7:30 a.m. in Pune Jail -by Gulbaz Mushtaq


Now when Muhammad Ajmal Amir Kasab has been executed away from his motherland on alien soil, his terror is over. His death should have earned him some respect before his enemies, though; his own people have refused to own him –even refused to accept his deadbody. Sadly, it is not because they consider his deeds to be wrong; it is their hypocrite mentality which prevents them from accepting him, his deadbody and reality. His body is buried in a compound of Yerwada Jail, Pune leaving behind a sad story of a dedicated angry young man. He met death in an honourable way but, unfortunately, not for an honourable cause.

As the reports indicate, on the morning of his execution, Ajmal Kasab was not scared or pale. He offered prayer and was ready to embrace his death. Though nervous, in the final minutes before his execution, he remained calm when brought to the gallows. Standing before the noose, a quite-Ajmal Kasab’s eyes stayed downcast. He neither made any last requests nor wrote a will. He did not struggle, or plead for mercy. A noise of silence was prevailing in atmosphere of Yerwada Jail, Pune that morning.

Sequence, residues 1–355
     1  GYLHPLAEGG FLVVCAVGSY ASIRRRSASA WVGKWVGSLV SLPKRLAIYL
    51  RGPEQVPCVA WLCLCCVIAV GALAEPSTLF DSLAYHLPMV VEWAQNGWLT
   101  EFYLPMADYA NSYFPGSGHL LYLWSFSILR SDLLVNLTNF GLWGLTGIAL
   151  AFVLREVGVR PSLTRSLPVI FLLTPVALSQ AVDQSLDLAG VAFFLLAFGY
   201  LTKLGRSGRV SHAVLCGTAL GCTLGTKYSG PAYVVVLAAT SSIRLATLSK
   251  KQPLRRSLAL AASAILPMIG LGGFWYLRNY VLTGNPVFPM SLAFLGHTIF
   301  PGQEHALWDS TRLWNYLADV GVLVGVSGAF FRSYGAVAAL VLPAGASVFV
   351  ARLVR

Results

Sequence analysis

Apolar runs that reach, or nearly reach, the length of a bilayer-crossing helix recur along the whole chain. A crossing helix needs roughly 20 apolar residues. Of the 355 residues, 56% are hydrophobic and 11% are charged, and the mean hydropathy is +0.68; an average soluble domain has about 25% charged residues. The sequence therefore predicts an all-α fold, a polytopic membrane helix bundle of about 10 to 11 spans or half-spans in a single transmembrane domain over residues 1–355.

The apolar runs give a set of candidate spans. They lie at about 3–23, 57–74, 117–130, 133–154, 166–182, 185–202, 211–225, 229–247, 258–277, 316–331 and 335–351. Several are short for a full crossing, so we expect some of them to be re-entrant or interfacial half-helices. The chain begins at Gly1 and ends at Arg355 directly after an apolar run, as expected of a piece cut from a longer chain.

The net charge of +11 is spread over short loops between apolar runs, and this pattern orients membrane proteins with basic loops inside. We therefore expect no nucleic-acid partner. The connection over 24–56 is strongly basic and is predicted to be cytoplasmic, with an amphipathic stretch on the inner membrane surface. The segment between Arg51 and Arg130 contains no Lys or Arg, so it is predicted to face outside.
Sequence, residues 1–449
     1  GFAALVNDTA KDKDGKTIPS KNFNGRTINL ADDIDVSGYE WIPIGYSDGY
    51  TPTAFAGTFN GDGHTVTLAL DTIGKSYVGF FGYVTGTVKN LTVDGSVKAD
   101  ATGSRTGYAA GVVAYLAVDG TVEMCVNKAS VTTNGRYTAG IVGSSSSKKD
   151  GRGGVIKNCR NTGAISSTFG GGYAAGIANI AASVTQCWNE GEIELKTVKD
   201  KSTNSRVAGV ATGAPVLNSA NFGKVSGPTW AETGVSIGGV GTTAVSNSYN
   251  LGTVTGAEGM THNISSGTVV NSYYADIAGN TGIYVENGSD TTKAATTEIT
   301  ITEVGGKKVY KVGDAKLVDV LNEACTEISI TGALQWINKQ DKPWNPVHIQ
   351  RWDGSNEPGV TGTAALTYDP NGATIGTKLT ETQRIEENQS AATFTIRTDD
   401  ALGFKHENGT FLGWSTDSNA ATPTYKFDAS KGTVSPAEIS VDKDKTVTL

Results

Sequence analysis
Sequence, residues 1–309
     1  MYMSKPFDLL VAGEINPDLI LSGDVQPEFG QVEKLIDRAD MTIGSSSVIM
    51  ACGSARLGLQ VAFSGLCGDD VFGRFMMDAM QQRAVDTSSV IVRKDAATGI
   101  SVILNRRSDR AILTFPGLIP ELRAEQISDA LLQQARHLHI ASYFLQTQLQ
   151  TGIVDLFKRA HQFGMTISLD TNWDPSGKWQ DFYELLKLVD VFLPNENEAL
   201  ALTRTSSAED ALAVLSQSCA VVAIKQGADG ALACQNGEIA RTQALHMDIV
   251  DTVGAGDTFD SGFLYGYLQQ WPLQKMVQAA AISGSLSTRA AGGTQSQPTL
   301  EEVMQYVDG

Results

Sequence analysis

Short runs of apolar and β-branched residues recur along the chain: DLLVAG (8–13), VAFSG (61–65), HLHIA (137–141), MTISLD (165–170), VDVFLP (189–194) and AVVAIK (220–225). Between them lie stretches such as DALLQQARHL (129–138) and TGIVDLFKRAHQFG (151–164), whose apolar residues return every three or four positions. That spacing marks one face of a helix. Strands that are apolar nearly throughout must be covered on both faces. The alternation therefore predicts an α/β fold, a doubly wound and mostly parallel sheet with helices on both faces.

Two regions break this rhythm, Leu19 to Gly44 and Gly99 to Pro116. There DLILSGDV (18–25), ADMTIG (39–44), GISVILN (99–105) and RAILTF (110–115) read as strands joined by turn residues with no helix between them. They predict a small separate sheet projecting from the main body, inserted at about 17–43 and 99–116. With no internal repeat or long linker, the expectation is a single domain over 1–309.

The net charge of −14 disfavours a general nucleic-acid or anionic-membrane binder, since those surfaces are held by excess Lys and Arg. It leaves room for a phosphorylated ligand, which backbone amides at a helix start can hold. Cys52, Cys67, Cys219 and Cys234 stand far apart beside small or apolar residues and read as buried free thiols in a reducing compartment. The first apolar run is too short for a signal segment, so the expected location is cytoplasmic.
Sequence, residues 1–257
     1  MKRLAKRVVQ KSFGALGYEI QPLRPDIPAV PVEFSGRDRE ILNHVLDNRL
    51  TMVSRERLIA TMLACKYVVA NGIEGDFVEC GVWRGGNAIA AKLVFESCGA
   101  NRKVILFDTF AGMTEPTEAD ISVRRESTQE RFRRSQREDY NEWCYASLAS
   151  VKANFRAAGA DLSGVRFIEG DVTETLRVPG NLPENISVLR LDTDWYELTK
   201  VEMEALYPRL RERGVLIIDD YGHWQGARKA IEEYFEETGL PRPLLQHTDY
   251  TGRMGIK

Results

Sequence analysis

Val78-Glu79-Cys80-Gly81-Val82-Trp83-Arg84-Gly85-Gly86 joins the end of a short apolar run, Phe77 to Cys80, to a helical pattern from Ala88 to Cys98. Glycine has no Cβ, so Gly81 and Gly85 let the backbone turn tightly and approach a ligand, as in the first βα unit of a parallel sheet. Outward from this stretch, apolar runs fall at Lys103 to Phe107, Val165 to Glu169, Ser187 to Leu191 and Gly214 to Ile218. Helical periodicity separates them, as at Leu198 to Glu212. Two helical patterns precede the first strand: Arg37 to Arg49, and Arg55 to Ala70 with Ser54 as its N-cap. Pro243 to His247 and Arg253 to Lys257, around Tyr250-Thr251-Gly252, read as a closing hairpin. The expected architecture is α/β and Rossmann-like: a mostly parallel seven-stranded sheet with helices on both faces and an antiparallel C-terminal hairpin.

A staffer at the jail covered his head with traditional black hood and tightened the noose around his neck … the executioner was ready to pull the lever of trapdoor.

Despite his unashamed and remorseless state at the time of his death, he was to bring shame for his nation and surely an unforgettable regret to his poor father who failed to provide him new cloths on Eid when he was just an eighteen year old boy. The angry young man left the home. Later a twenty-one-year old Ajmal Kasab would reveal to his interrogators in Mumbai, “we were told that our big brother India is so rich and we are dying of poverty and hunger. My father sells dahi wadaon a stall in Lahore and we did not even get enough food to eat from his earnings”.

Unlike his name and acts, full of horror, he was a delighted young man. Before leaving for Mumbai Mission, he would show his wrestling and karate skills to fellow youth in the village. He was not a religious fanatic. Mumbai police officials say, “when we asked whether he knew any verses from the Quran that described jihad, Kasab said he did not”. According to them, he did not know much about Islam or its tenets. Sadly, yet he was turned into a bullet-quoted-with-religion to kill. The ambitious young man’s rational was suppressed or taken away by those who prepared it for this noble cause – a cause which is only noble to them. His innocence was vanished away and he was to enter in Mumbai as an ‘angel of death’.